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The Giants are worth $2.65 billion now, according to Forbes

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According to the annual valuation by Forbes Magazine, the Giants are the fifth-most valuable franchise in baseball.

Oakland Athletics v San Francisco Giants Photo by Lachlan Cunningham/Getty Images

Every year, Forbes Magazine releases a list of the most valuable franchises in Major League Baseball. Every year, I write a little something about it here. The reason for covering it is the same every year, too: We should never forget just how strange it is that the Giants are a model franchise now.

According to Forbes, they most certainly are that. The Giants are valued at $2.65 billion in their rankings, the fifth-most valuable franchise in the sport. They’re just behind the Red Sox and Cubs, and they’re just a Barry Zito contract behind the Dodgers. The valuation is an 18-percent increase over the 2016 estimate.

A history of Giants valuations over the last decade:

I, too, remember making $2 billion dollars in a six-year stretch. I lost it all on Beanie Babies the next year, but it was a helluva run while it lasted.

One thing that seems clear is that Forbes has caught up with the new state of baseball, with the MLB Advanced Media revolution and cable-money spigot. When the Dodgers were sold in 2012 for $2 billion, baseball pundits swallowed their monocles, but that was in part because the Forbes valuation of $800 million the year before was so much lower. There have been adjustments, to the point where the Marlins might be sold for $1 billion, and it seems perfectly reasonable, if not a little low.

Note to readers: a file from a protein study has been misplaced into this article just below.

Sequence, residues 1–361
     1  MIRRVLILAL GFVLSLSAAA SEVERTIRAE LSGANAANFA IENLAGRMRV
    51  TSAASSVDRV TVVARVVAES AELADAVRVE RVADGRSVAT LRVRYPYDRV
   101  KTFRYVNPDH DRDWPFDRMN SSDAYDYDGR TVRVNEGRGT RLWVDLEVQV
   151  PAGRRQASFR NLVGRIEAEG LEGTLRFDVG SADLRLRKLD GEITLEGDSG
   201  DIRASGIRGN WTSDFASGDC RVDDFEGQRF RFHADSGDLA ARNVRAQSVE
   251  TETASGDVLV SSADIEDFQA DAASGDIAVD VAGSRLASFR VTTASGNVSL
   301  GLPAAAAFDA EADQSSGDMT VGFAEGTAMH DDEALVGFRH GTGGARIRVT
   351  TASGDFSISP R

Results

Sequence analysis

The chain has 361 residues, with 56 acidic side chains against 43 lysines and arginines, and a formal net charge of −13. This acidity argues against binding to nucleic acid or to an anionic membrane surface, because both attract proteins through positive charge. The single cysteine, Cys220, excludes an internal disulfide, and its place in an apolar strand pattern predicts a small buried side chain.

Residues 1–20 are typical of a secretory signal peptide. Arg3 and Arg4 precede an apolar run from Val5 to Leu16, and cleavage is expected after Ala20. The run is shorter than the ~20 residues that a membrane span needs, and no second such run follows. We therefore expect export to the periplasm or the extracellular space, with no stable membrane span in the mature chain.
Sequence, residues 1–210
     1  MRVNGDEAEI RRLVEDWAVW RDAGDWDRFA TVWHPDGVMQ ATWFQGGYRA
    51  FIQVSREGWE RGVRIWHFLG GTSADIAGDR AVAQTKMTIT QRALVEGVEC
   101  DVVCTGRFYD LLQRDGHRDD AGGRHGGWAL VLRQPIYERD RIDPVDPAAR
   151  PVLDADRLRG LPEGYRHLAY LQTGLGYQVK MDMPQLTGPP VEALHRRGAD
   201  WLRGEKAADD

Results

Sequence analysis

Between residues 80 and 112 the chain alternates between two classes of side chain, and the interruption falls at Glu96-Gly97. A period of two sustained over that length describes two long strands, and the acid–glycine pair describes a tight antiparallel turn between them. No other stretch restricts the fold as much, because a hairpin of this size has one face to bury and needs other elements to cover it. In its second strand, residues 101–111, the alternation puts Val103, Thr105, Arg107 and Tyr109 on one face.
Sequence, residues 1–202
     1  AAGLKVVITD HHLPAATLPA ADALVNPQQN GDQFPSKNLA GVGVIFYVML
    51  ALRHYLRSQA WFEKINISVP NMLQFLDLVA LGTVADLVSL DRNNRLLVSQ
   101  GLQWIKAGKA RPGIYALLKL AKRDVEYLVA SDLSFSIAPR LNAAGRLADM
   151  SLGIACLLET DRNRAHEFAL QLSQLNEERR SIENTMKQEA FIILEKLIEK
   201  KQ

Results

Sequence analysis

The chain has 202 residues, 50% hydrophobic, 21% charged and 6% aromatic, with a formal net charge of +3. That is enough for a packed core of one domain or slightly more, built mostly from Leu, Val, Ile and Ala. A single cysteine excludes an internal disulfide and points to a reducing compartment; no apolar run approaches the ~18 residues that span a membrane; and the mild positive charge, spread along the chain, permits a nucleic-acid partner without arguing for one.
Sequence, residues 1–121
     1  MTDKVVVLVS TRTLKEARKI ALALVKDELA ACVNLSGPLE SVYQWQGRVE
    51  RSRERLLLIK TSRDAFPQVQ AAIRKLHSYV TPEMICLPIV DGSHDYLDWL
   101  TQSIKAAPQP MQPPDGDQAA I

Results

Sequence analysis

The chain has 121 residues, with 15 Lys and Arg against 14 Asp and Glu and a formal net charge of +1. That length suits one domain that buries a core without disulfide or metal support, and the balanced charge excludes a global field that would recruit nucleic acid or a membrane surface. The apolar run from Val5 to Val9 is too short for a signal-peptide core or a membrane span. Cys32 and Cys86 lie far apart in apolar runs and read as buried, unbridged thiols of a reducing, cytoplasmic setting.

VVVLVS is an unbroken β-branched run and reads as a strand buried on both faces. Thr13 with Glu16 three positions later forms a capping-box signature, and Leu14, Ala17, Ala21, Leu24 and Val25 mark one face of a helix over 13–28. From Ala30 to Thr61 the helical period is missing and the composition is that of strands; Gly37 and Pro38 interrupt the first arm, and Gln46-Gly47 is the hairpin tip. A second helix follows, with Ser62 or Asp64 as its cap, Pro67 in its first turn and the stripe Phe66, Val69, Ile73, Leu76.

As is the tradition around here, this is where we include old-timey articles about how the Giants were about to move to Toronto or Tampa. From the New York Times:

The owners, in a secret ballot that required 10 votes for approval, voted 9-4 against allowing Bob Lurie, the Giants' owner, to sell the team for $115 million to the Tampa Bay group, which would have moved the Giants to the Florida Suncoast Dome in time for next season.

The action, which is expected to trigger a lawsuit from St. Petersburg officials, left the door open for a group of San Francisco investors, headed by Peter Magowan, president of Safeway Inc., to buy the Giants for $100 million and keep them where they have been since they left New York 35 years ago.

Magowan had to rally local businesspeople to pay that price. Some of them probably felt like they were doing it out of civic duty instead of angling for a 2000-percent return on their investment.

Say, about that 9-4 vote ...

The breakdown of the 9-4 vote was not publicly disclosed. But it was believed that the nine teams voting against the move were the Mets, Los Angeles, San Diego, Houston, Atlanta, Montreal, Pittsburgh, Chicago and Colorado. The teams supporting the move were believed to be Florida, St. Louis, Philadelphia and Cincinnati.

Looks like justification for 2010, 2012, and 2014, roughly, but it also looks like the Cardinals stole at least one year that was meant for the Marlins. Will have to investigate.

This is also the year the Giants officially paid off their debt service, so things are continually looking up. Not so up that they could afford a better left fielder, but, ha ha, don’t be spoiled. Jarrett Parker hustles and you’re going to love him.

Whenever you see a news item like this, though, never forget that Candlestick Park was the worst stadium in professional sports, and that it used to have Astroturf. If not for a last-minute scramble, San Francisco would have been declared a place where baseball just wasn’t meant to be, like Montreal was.

Instead, the team is up there with the Cubs, Yankees, Red Sox, and Dodgers, the classic large-market teams from when baseball was born. It makes sense when I look at it objectively, but that doesn’t mean it isn’t always going to blow my mind.